by Antoinette Voute Roeder
Berkeley, CA: Apocryphile Press, 2010
Reviewed by Spiritual Directors International
Antoinette Voûte Roeder, a spiritual director and retreat leader, is a poet with a voice that will awaken and nourish our inner and outer landscapes. Her second book of poems, Still Breathing, invites the reader to recognize truth in relationships, creativity, nature, and the simplicity of the present moment. Readers of Spiritual Directors International publications will recognize Roeder; her poems have appeared in Presence journal and Listen: A Seeker's Resource for Spiritual Direction.
Offering a contemplative, vivid voice, with more than one hundred poems to choose from,Still Breathing is comprised of six broad sections: “Yesterday, Today and Tomorrow,” “Up Close and Personal.” “Still Breathing,” “The Poem That Awaits,” “Birds I Have Known,” and “Epilogue.” Each time I open Still Breathing, a different poem greets and speaks to me. In the brief section, “To the Reader,” Roeder explains why: “Poetry is a process of exploration and discovery. We find ourselves seeking meaning and relevance at one time, beauty and contentment at another, comfort, or the expression of our anger and impotence” (13).
Whether it is writing about rain, kisses, a cup of tea, birds, God, prayer, Thomas Merton, the sea, clouds, hoarfrost, a beanpot, or aging, Roeder will captivate. In “Deep Rain” she writes, “I will not overwhelm you, / see? Slowly, carefully, I part / the grass, the bushes, / softening soil and only then / penetrate your roots / that you may take me in, / absorb me as much / as you can for now. (24). We learn about prayer in “My Sister, the Contemplative” when she writes, “She has no words. / She has no training, / has not read tomes / on meditation, / does not sit zazen, / and her limbs are not / inclined to lotus / but she sits / looks up / and sighs. (65). In “The Path” spiritual directors will recognize this experience: “When you have followed the map which is not a map / and created the path with every step / you will traverse the in-ferno, / meet the dragons and find them / tame.” (128).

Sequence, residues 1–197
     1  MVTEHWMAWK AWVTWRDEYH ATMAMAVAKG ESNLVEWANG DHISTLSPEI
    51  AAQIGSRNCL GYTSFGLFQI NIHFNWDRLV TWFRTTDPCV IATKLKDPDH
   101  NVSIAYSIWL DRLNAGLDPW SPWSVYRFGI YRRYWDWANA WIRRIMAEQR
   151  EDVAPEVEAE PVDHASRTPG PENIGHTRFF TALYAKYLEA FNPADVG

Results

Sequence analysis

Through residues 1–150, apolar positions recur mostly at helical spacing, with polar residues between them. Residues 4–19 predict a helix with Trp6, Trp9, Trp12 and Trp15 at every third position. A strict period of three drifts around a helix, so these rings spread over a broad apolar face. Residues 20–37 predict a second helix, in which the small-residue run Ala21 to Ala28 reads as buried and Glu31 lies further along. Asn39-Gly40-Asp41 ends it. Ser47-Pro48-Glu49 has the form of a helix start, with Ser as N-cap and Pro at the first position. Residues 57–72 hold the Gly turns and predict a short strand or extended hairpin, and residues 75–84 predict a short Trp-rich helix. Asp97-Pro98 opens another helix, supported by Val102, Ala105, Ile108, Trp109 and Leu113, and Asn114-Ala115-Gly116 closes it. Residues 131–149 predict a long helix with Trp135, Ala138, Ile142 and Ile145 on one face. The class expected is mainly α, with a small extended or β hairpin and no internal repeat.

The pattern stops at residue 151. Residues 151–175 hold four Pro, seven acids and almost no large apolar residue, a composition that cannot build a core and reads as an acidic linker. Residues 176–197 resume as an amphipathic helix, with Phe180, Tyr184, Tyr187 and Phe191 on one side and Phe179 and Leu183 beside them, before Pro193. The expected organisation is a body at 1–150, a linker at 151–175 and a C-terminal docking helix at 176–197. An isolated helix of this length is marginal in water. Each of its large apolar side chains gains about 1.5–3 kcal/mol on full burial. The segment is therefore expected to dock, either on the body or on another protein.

In addition to accompanying my own poetic sensibilities and sense of belonging, I appreciate well written poems. Thus, I foresee sharing Roeder’s poems with spiritual directees, and when I lead retreats and workshops. Spiritual directors will recognize the deep listening and quality of presence that Roeder brings to the reader. Her poems will greet you with a kernel of something you may not know you wanted to hear or see. My favorites keep shifting, and I appreciate the surprise of encountering something new. Roeder writes, “…poetry starts with the breath, as in meditation. It is punctuated breath, colored breath, textured breath. And, when it is, it may land you right in the middle of this inordinately rich, beautiful, and painful world” (14). This is where my contemplative practice takes me, and this is where her poems guide as well—to the heart of the rich experience of life.
Consequently, if you appreciate poetry, and it brings you to prayer, add Still Breathing to your collection. The concluding poem, “Eternal,” offers, “If this is all there is, / you know, when this / magical body folds and / its shine slowly creeps / away, if this is all / there is, it may very well / be fine.” (173). After you discover delight in Still Breathing, make sure to open Roeder’s first book of poetry, Weaving The Wind (2006).